• In relation to the three locations that I decided to shoot in, I thought it would be a good idea to try and experiment with photographing a variety of paths (that differ in terms of their elevation and curvature)
    • This is because I could therefore experience similar challenges and problems that I may encounter within the Lake District with the range of different paths I will most likely need to photograph
    • However, when experiencing these different paths, I soon found that it was rather difficult to create the correct composition when the paths curved
      • This is because, although I was standing in the centre of path, if I was stood on the curve of the path it made it look as though I wasn’t in the middle, greatly affecting the whole idea of the “middle-of-the-road” aesthetic
      • With this being said, I soon realized that I could solve this problem, and still create “middle-of-the-road” images, by either moving a couple of paces ahead (so that I wasn’t standing on the curve of the path), or by simply adjusting the position of the Mamiya 7 to face the direction in which the curve was heading – it just simply took more time to contemplate
  •  Similar to the previous test shoot (as already stated, please see the blog post “352MC Professional Photographic Practice – Test-Shoot One (The Mamiya RB67, Mamiya 7 and Canon 5D Mk II, Blurring and Double-Exposures)”), for the developing and editing of the images I created during this test shoot, I developed the black and white film in the developer machine before scanning them in using the Hasselblad scanner we have at university
    • Once I had scanned these images in, I therefore decided to undergo the same technique of editing that I have applied to the Mamiya 7 shots I have captured on the previous two trips to the Lake District (straightening, cropping, inverting, and automatically adjusting the tone, contrast and levels – obviously not the colour as they are black and white images) in order to create a more consistent experiment

 


 

Test Shoot Photos:

Location 1:

Location 2:

Location 3:

 


 

After-Thoughts and Reflection:

Once I had developed, scanned, and edited the photographs from the shoot, I then spent time reviewing them to allow me to decide on the technique that I feel is more appropriate (as well as the one that I prefer) for my FMP. Looking back over the three types of horizontal composition, I soon realized that I preferred the compositional aesthetics of the “middle” technique (where the horizon of the path disappears from view across the middle of the focusing square). This is because, (including inspiration from the research I undertook regarding Paul Graham’s “Hypermetropia” – please see the blog post “352MC Professional Photographic Practice – Photographic Research”) I think that it creates a balanced perspective between both the path AND the landscape (rather than focusing more on one of the features over the other, thus equalizing their importance within my project – the path was used to trigger the memories of my Grandpa, and the landscape was a shared interested between Grandpa and I which inspired the creation of the project), whilst also still symbolizing the idea of travelling to a particular destination (the past) through it’s composition.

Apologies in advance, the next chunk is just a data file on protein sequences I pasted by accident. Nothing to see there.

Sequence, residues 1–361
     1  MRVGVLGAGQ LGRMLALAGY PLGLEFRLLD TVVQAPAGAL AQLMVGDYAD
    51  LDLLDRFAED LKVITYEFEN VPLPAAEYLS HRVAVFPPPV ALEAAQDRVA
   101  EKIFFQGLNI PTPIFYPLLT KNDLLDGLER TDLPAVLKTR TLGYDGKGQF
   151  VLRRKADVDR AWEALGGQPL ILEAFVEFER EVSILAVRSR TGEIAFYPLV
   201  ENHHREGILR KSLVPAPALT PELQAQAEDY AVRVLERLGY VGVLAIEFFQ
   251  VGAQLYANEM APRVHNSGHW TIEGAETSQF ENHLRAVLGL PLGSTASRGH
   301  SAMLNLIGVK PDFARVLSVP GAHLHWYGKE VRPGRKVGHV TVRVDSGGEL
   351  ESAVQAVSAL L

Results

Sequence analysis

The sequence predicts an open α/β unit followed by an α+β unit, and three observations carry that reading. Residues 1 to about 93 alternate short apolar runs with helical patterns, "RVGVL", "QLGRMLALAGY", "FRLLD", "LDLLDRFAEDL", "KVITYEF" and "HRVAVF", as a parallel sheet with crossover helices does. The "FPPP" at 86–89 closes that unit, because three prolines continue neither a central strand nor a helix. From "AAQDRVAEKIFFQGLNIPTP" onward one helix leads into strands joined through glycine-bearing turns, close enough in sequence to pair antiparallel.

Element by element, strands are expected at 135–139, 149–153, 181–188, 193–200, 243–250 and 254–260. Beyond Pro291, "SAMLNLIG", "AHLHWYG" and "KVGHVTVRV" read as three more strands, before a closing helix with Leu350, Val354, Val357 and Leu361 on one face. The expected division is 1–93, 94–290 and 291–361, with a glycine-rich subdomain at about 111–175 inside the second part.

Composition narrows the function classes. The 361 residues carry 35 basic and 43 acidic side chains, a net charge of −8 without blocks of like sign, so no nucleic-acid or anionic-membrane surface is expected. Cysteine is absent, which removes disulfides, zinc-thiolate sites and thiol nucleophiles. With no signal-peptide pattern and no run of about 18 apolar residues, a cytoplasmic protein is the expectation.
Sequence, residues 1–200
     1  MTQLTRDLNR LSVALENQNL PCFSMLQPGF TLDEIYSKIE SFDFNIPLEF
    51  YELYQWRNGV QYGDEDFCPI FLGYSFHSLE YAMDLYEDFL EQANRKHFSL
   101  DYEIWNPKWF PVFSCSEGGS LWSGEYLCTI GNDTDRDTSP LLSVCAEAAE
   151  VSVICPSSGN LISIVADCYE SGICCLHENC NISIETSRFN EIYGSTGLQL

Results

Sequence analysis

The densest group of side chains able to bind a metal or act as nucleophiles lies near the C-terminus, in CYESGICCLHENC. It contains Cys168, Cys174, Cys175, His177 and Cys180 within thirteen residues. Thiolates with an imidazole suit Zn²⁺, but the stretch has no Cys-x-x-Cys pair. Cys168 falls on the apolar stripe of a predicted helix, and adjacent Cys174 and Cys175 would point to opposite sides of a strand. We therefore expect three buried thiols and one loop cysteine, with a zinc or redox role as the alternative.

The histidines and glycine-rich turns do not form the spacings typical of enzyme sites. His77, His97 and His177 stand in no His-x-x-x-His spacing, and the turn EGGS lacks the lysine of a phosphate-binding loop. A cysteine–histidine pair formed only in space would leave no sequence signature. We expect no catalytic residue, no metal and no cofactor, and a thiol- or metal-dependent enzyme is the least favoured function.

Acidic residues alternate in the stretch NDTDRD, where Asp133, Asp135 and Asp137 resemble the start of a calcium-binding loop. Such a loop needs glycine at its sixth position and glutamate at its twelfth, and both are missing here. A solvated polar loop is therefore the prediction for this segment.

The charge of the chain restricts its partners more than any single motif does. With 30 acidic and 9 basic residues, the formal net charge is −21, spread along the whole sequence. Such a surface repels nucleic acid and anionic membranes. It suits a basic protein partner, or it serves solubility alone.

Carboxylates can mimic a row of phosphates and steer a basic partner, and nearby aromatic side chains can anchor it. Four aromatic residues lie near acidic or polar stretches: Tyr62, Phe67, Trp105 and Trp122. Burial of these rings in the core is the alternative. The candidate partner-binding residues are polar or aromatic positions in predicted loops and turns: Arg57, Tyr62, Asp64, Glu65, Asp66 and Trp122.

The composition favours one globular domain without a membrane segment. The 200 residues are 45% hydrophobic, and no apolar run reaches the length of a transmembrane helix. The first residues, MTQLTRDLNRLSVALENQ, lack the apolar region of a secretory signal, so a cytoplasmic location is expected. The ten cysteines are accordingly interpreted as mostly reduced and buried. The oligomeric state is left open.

(As also suggested within my research into Paul Graham’s “Hypermetropia”, as this technique balances the inclusion of both the land and the sky (that is often associated with dreams, the mythical, and the free), this could not only highlight the landscape that I have travelled on, but it could also symbolize the dreamlike and psychological state the landscape creates within me by triggering the recollection of my personal past memories.)

To understand this main concept fully, I will now explain to you my reasoning behind discarding the other two horizontal compositions (“top” and “bottom”). Looking at the images that lined up the horizon (or where the path disappeared) to the top edge of the focusing square, I feel that these images focused too much on the path, slightly overshadowing the surrounding landscapes. Now, although I do want the path to be a major feature within the image (as it enhances the reconnecting and memory aspects of the project due to the fact that it is these paths that I walked with my Grandpa that triggers personal memories of him), I also want the landscapes to be a main feature within the images as well (as the landscape offers one of the reasons behind the creation of this project, and I want to be able to provide the viewers with enough visual information regarding the landscape that meant so much to the both of us). Taking this idea into account, the opposite can therefore be said about the images that lined up the horizon (or where the path disappeared) to the bottom edge of the focusing square (it focuses too much on the landscape which slightly overshadows the importance of the path).

After completing this compositional test shoot, and reflecting on the images that I have created, I have therefore decided to use the “middle” horizontal technique (due to reasons stated above) for the “middle-of-the-road” images I will be creating on future trips to the Lake District.

In regards to the methodology of creating these middle, “middle-of-the-road” compositions, I will also need to remember the suggestion I made above regarding the photographing of curved paths (where I can move a couple of paces ahead (so that I’m standing on the curve of the path), or simply adjust the position of the Mamiya 7 to face the direction in which the curve was heading), as well as the use of a measuring device (most likely a measuring tape) to make sure that the lens of the Mamiya 7 (rather than the camera body) is in the centre of the path.